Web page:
Hooved Man uses a staggered start, with competitors charging off at two-minute intervals, headlight mounted on their handlebar to illuminate the path ahead, tail light mounted to their seat post, a beacon to racers trying to catch them. Race order is established by drawing numbers from a hat.

Escape the Hooved Man fat-tire race is hosted at Big Eddy Lodge, a hunting and fishing outfitter four-and-a-half hours northeast of Saskatoon. (Greg Basky)

The course starts at the lodge, on the shores of the South Saskatchewan River. Riders cross Ben Lake, pass through Martina's Portage and skirt the shoreline of Hill Island Lake. Then it's up and over Coolie and Hooved Man mountains. Riders return following the Burntwood River, which brings them to a series of channels, portages, and forested areas alongside Steamboat River, back to Big Eddy Lodge.

'You're completely alone'

Hooved Man competitor Ryan Soulier was sporting a frosty "beard" after 80 minutes of night racing in the –20 C cold. (Greg Basky)

Escape the Hooved Man attracts riders of all ages and levels of experience driven by a variety of motivations.

Paul Buffel, who rode his second Hooved Man this year, says riding by the light of the moon is magical. 

"You're completely alone in the middle of the forest on lakes and rivers ... with a little light shining your way. And every once in a while, you might pass somebody or somebody might pass you. But it's an odd and amazing experience at the same time, because it's a little bit disconcerting. But it's also really exciting and incredibly peaceful and beautiful."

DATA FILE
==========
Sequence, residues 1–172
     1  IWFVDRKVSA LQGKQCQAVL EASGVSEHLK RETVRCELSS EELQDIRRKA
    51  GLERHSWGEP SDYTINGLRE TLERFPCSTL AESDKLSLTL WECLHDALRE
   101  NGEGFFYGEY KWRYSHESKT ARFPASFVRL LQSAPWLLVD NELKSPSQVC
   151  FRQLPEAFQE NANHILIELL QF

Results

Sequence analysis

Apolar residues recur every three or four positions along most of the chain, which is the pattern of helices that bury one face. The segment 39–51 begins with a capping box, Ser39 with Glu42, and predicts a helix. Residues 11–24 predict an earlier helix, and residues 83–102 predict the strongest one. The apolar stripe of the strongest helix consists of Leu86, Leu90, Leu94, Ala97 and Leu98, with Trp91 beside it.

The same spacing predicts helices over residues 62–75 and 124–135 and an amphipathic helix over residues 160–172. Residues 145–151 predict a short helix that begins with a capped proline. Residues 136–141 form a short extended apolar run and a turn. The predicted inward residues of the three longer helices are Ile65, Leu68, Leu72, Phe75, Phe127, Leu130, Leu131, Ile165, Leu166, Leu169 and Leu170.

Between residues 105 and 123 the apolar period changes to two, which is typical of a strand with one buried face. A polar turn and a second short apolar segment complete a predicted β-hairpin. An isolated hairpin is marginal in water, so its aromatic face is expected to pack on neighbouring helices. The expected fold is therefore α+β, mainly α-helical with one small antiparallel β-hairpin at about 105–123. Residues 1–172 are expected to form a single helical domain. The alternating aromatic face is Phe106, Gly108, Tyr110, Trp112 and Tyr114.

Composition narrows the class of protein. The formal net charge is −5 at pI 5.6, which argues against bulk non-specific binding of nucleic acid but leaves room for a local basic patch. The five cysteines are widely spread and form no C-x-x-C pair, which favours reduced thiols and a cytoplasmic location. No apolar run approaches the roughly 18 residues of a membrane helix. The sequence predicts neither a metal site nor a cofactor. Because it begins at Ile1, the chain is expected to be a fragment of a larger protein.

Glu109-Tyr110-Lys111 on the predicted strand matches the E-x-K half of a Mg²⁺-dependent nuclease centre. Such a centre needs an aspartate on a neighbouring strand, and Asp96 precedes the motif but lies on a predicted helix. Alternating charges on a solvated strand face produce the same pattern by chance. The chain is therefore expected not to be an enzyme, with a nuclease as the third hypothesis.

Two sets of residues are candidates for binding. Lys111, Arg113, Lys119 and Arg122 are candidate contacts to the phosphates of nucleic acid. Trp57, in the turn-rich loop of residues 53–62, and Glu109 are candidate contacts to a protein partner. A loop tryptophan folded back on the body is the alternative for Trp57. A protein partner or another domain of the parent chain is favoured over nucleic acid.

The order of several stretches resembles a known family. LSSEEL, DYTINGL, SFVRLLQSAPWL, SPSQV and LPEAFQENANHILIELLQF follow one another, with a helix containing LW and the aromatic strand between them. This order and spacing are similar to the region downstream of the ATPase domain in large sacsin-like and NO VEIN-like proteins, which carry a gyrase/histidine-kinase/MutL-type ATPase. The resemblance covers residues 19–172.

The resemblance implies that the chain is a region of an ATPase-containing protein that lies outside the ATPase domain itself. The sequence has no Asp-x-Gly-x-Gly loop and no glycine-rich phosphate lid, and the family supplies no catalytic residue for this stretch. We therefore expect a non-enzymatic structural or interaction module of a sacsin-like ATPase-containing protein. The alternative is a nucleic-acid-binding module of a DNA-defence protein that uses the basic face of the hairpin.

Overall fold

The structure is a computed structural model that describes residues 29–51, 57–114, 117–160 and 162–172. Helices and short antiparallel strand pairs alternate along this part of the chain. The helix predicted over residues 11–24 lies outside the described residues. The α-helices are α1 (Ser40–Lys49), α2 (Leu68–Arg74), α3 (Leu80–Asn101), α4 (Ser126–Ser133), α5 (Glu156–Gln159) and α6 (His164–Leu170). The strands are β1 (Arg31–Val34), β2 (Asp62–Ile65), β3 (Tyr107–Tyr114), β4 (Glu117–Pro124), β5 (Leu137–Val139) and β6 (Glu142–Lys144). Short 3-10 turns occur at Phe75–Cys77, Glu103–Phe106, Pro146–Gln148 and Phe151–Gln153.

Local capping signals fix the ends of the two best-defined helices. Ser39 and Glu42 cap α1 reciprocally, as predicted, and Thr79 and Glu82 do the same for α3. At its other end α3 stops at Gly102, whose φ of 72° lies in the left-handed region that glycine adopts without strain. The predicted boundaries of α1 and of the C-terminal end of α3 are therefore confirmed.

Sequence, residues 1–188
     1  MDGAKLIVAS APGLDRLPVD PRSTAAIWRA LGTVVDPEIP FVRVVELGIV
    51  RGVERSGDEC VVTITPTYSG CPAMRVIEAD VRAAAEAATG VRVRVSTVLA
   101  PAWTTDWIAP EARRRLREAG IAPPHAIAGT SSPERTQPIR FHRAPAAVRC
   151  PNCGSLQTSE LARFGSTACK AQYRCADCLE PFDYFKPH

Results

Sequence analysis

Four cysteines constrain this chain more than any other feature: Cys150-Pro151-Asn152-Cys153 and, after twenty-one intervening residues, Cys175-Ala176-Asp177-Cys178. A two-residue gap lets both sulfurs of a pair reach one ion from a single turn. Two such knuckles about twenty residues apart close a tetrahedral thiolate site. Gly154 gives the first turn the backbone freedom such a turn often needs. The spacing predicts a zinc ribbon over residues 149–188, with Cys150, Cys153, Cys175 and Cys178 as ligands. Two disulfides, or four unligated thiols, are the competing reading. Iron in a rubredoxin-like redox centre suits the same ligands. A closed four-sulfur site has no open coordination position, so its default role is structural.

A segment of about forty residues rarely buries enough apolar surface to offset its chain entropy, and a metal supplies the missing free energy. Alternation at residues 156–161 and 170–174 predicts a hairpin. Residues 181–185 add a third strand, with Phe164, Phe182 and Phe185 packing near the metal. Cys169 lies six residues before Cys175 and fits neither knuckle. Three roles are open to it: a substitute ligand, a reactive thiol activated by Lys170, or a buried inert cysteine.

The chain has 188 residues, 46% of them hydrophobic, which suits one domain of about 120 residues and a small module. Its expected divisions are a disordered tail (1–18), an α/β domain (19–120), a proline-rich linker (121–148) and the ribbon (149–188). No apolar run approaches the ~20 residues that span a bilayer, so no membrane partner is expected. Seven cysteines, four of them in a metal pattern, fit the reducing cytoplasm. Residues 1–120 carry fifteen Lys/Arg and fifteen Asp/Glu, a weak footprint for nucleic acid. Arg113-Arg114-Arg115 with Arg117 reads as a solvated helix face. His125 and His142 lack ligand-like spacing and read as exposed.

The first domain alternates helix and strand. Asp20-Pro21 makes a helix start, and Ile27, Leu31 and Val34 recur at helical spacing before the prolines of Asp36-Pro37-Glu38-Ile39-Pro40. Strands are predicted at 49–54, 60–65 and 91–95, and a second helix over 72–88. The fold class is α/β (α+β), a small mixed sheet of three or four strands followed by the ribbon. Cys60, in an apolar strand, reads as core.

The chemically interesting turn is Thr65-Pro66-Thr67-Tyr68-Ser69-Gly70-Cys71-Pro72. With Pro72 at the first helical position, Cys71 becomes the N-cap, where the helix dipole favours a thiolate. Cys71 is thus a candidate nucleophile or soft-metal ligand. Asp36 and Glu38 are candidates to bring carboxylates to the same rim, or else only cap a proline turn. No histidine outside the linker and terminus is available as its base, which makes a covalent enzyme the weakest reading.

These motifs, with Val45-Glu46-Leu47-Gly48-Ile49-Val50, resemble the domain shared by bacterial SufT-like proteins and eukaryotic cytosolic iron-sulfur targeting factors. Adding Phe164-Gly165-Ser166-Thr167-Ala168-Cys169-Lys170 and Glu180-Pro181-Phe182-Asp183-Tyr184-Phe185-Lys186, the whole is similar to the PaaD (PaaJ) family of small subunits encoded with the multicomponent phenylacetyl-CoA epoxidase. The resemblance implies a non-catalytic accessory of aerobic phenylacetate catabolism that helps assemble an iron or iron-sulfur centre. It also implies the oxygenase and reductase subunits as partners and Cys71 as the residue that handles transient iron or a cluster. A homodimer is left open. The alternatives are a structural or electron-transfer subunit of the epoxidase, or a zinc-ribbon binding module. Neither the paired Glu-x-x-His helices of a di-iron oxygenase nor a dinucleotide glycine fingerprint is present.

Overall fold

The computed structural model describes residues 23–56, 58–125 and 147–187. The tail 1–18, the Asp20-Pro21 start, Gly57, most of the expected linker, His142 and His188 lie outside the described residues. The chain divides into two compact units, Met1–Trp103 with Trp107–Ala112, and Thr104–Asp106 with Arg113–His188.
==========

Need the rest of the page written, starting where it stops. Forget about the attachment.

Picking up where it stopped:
For Jeff Hehn — fat-bike rider since 2011, third-time racer at Hooved Man and trail connoisseur — it's the opportunity to savour some of the best fat-bike trails he's ridden anywhere. 

"The trails are impeccable," he said. "[Solomon] loves grooming trails. And I also groom some trails. So we share that passion. But the amount of work that he puts into creating a wonderful ribbon through the forest for us to ride and the fact that he rides himself is just, it's amazing." 

Sarah Robbins and Sasha Kisin, women's and men's champs at this year's Escape the Hooved Man fat-tire bike race, hoist the commemorative trophy. (Greg Basky)

The hard-core racers relish the opportunity to ride at red line from start to finish, holding off riders behind them, and catching as many riders as they can in front of them. Last year's champ, Sasha Kisin, repeated as men's winner this year in a time of one hour, 14 minutes. Women's winner, Sarah Robbins, crossed the line in one hour, 26 minutes. 

Experienced fat-biker but first-time Hooved Man rider Tyler Rittinger said he'll definitely be back. 

"It was just this sort of like sensory overload of the extreme of being by yourself in the cold, kind of fighting to get to this destination. And then kind of the opposite of just hammering into the heat of the sauna. It was exhilarating." 

About the Author

Greg Basky is a Saskatoon-based writer specializing in medicine and health care. His work has been published in the British Medical Journal, Canadian Medical Association Journal, Medical Post, WebMD, Runner's World, and Canadian Living.